April 22, 2018

23/04/2018: Impact of dietary sodium diformate on performance and litter quality in broiler

by Christian Lückstädt and Stevan Petrovic, ADDCON GmbH, Bitterfeld, Germany

Animal husbandry suffers from losses due to contamination with pathogenic bacteria. Their resultant impacts in animals include lower weight gains and increased mortality. 


 
Image credit: Christopher Paquette on Flickr
(CC BY 2.0)
On the other hand, evidence of the development of antibiotic resistant strains of bacteria that are pathogenic to humans has mounted over recent decades; and the practice of using sub-therapeutic levels of antibiotics as growth promoters in livestock production has been heavily implicated in this resistance.

Worldwide, this connection has led to the erosion of consumer trust in agricultural practices that rely on this valuable medical resource. Increasingly, legislation is limiting their use.

Banning the use of in-feed antibiotics in livestock, as has happened in the EU – and currently in a number of Asian countries, placed more pressure on animal producers and feed millers. In this context, organic acids have long been used to counteract Gram-negative pathogenic bacteria in animal feed; and the beneficial effects of feeding organic acids to monogastric animals on animal performance and health are well accepted.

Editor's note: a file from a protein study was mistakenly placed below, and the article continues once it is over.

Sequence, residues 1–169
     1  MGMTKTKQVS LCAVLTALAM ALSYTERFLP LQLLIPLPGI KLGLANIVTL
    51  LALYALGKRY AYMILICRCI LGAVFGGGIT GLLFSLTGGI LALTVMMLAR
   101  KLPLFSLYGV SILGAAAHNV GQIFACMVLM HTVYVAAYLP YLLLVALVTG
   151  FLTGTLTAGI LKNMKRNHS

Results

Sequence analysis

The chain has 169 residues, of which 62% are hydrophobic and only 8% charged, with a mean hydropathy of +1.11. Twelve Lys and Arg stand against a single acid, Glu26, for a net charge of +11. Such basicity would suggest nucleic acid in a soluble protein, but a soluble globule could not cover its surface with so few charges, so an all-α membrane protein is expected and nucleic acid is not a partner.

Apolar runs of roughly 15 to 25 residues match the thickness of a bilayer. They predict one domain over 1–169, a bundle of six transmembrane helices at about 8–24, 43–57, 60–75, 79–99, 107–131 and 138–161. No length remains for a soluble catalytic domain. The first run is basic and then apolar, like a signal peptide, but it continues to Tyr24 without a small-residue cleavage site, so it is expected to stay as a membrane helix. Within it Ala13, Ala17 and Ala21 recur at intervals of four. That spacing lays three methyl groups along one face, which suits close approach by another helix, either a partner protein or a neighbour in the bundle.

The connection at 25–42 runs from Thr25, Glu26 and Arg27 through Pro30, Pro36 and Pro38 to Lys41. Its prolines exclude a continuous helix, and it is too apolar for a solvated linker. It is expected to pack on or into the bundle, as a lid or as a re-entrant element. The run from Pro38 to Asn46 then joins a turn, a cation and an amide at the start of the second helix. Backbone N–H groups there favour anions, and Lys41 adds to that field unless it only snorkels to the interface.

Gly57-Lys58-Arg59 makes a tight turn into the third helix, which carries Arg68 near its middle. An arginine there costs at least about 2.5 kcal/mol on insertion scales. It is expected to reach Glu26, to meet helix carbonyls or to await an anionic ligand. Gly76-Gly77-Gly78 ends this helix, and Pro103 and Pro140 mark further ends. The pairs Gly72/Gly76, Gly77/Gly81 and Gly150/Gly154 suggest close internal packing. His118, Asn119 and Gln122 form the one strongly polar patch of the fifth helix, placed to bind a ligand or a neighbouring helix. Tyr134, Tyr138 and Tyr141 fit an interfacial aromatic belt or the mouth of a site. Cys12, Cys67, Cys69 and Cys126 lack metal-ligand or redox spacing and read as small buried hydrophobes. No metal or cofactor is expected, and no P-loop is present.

One of the first reports of improved broiler performance when diets were supplemented with single acids was for formic acid (Vogt et al., 1981). Later, Izat et al. (1990) found significantly reduced levels of Salmonella spp. in carcass and caecal samples, after including calcium formate in broiler diets.

The use of pure formic acid in breeder diets reduced the contamination of tray liners and hatchery waste with S. enteritidis drastically (Humphrey and Lanning, 1988). Hinton and Linton (1988) examined how salmonella infections could be controlled in broiler chickens, using a mixture of formic and propionic acids. They demonstrated that under experimental conditions, 0.6 percent of this organic acid blend was effective in preventing intestinal colonisation with Salmonella spp. from naturally or artificially contaminated feed.

Improving broiler performance or hygienic conditions with the aid of organic acids has been reported by many sources (Desai et al., 2007), as mentioned above. An important limitation, however, is that organic acids are rapidly metabolised in the fore-gut (crop to gizzard) of birds, which will reduce their impact on growth performance. A more complex molecule (sodium diformate - a double salt of formic acid, traded as Formi NDF, ADDCON) has been proven to be effective against pathogenic bacteria, including salmonella, along the whole gastro-intestinal tract (Lückstädt and Theobald, 2009).


Read the full article, HERE.
 

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